Imagine traveling to a new city, hoping to start a new life, only to find yourself stranded, experiencing homelessness and completely alone. Without the means to get home, you feel hopeless and out of options. This is where WellPower’s Families Reunited program can help.
People can come to WellPower’s Walk-In Crisis Center for any self-defined crisis. Some people may show up because they’re experiencing thoughts of suicide. Others may be in the middle of a mental health challenge and have no idea how to cope.
Some people are just trying to get home.
In 2016, WellPower peer specialist Andi Bankes received a grant to begin a program built for connecting people stranded in Denver who were trying to get back to their families in other states. For someone who feels they’re out of options and hopeless, the opportunity to be reunited with family can feel too good to be true – luckily, this fairy tale is real.
When a person comes to WellPower’s Walk-In Center looking for a bus or plane ticket home, Bankes sits down with them to learn more about their life, how they got to this point and what’s waiting for them back home. Bankes knows that the success of the program is built on people having a safety net and a plan ready to go when they’re reunited with loved ones.
“We have a set of expectations for the Families Reunited program,” she said. “These are one-time tickets for each person served, so I have to make sure the people who use it want to get better and that they have the support they need on the other side.
Last year, Bankes was able to give about 200 people tickets home. With rising costs of plane and long-distance bus fares, she’s limited in how many people she can serve each month. That doesn’t stop her from doing everything in her power to help, though.
“I experienced homelessness – I know what it’s like to feel like you’re out of options,” said Bankes. “When I can’t give someone a ticket, I always provide them with resources through WellPower, through other community supports or even just talking with them about how I got through my own experiences.”
“People have to be willing to engage with behavioral health treatment, meet the expectations of their family waiting for them and be able to show kindness and respect for boundaries. I’m not just accountable to the person I’m helping, I’m also accountable to the family taking them in, and I respect that.”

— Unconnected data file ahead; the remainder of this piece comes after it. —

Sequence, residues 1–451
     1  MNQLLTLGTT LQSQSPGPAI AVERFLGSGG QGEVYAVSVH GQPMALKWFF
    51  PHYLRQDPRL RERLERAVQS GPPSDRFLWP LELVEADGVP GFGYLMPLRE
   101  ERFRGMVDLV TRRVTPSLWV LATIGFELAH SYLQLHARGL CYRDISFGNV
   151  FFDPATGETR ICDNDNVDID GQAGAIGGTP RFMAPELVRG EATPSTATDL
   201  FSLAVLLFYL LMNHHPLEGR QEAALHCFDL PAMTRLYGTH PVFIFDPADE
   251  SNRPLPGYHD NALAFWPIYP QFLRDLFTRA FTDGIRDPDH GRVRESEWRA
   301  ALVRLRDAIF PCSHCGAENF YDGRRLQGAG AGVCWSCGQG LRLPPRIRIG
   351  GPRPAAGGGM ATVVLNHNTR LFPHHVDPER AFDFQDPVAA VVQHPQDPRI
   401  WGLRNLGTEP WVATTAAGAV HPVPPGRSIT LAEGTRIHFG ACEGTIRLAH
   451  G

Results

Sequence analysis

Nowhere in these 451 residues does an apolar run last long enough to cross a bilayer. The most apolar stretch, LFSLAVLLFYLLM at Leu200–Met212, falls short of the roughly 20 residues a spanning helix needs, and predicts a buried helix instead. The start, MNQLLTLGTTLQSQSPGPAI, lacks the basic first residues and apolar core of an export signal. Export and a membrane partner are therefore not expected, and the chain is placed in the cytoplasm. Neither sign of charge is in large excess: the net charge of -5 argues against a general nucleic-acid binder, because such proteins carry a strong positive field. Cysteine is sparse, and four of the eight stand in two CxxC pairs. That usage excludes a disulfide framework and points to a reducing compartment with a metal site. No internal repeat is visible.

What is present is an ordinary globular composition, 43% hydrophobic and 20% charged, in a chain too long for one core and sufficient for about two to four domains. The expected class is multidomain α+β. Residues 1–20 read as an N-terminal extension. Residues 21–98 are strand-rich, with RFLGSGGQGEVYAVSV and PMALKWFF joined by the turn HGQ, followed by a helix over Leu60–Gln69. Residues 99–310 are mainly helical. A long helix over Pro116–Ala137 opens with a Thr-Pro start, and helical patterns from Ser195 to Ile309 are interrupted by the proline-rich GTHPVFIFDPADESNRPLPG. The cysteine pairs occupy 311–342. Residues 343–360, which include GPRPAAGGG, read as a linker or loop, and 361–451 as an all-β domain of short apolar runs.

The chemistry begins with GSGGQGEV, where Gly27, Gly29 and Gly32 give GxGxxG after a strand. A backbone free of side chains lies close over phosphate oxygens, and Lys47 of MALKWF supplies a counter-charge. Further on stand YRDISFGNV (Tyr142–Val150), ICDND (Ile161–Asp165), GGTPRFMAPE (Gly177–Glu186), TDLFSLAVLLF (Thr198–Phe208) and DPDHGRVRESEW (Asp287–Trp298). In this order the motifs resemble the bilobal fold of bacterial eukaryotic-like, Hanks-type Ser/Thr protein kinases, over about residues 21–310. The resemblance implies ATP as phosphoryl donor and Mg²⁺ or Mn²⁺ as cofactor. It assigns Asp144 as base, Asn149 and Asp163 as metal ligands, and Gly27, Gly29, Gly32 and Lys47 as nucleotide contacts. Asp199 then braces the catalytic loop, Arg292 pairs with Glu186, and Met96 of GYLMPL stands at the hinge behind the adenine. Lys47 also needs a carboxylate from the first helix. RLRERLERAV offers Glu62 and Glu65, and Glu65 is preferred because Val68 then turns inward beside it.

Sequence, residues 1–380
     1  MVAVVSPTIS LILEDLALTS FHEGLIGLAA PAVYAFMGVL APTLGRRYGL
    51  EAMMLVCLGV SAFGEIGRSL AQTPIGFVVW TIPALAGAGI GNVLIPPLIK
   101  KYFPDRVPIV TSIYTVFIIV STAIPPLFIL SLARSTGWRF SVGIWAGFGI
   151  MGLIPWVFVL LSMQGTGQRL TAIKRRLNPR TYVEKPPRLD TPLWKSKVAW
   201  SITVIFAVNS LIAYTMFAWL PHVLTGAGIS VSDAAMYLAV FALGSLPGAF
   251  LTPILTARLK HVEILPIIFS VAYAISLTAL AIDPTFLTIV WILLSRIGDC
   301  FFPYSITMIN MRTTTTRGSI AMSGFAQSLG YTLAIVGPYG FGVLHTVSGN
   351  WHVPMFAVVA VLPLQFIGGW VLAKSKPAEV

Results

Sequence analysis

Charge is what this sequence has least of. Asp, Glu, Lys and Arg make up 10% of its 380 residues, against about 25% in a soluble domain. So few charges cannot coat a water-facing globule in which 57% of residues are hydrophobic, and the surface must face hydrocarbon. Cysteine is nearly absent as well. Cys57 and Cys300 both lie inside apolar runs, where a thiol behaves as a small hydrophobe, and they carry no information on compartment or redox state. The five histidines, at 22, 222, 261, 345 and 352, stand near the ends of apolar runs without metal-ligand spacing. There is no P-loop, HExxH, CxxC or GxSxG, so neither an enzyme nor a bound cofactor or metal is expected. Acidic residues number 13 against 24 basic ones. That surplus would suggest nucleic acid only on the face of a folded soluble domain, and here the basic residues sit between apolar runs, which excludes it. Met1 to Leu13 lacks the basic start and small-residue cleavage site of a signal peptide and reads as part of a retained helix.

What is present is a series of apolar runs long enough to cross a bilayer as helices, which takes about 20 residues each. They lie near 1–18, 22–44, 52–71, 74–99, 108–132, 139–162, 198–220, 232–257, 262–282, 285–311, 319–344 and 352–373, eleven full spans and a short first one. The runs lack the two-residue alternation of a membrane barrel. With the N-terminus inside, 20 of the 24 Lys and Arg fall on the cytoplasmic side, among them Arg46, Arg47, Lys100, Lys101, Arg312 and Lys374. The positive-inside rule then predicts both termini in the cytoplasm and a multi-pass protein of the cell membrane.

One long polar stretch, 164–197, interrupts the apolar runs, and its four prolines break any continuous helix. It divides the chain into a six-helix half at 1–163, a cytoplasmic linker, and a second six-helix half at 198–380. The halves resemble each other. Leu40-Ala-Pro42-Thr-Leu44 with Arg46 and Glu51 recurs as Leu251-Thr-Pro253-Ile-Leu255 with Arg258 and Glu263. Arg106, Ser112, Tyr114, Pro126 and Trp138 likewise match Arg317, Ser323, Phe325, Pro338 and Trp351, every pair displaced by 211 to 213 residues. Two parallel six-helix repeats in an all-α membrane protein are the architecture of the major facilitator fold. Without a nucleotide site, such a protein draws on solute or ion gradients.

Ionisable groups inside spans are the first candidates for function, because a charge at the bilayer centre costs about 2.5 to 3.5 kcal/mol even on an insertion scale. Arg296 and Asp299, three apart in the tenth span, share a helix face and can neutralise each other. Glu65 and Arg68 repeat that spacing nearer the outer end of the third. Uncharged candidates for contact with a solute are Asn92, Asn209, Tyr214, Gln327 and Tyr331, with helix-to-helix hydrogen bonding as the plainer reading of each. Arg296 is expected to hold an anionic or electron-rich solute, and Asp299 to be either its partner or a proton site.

Bankes also ensures that people are welcome to request a ticket again in the future, if they can’t get one right now.
One of Bankes’ favorite parts of her job is the letters she receives from the people she’s helped after they’re reunited with their families. Knowing that she helped them find a crucial piece in their recovery journey brings Bankes untold satisfaction.
“There are so many people who’ve sent me messages after they’re home and doing well,” said Bankes. “One story really stands out in memory. I remember helping this family of nine that were stranded in Denver with an unfixable van and no way to get home. I was able to get all of them tickets back to their state, and they were so grateful.”
Bankes has also received letters from individuals after they’ve gotten jobs, started recovery treatment for substance use or gotten housing for the first time in years.
“This is a program of achievement, I think,” she said. “These people are warriors. They’re fighting for their lives and for what they want to be. The reality is that sometimes they still need help. It makes me so proud to give someone a ticket and hear back from them later that they’re achieving their goals.”
The Families Reunited program is available Monday to Friday, 8:00 a.m. to 4:00 p.m., with weekend hours coming soon. For more information, visit our Walk-In Center at 4353 E Colfax Ave in Denver or call (844) 493-8255.